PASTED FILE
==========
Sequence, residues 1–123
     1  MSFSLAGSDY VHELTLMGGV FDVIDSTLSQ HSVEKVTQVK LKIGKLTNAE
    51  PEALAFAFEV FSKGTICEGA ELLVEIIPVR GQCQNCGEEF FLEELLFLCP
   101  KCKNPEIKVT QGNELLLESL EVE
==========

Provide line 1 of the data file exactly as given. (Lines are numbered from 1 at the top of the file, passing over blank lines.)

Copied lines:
Sequence, residues 1–123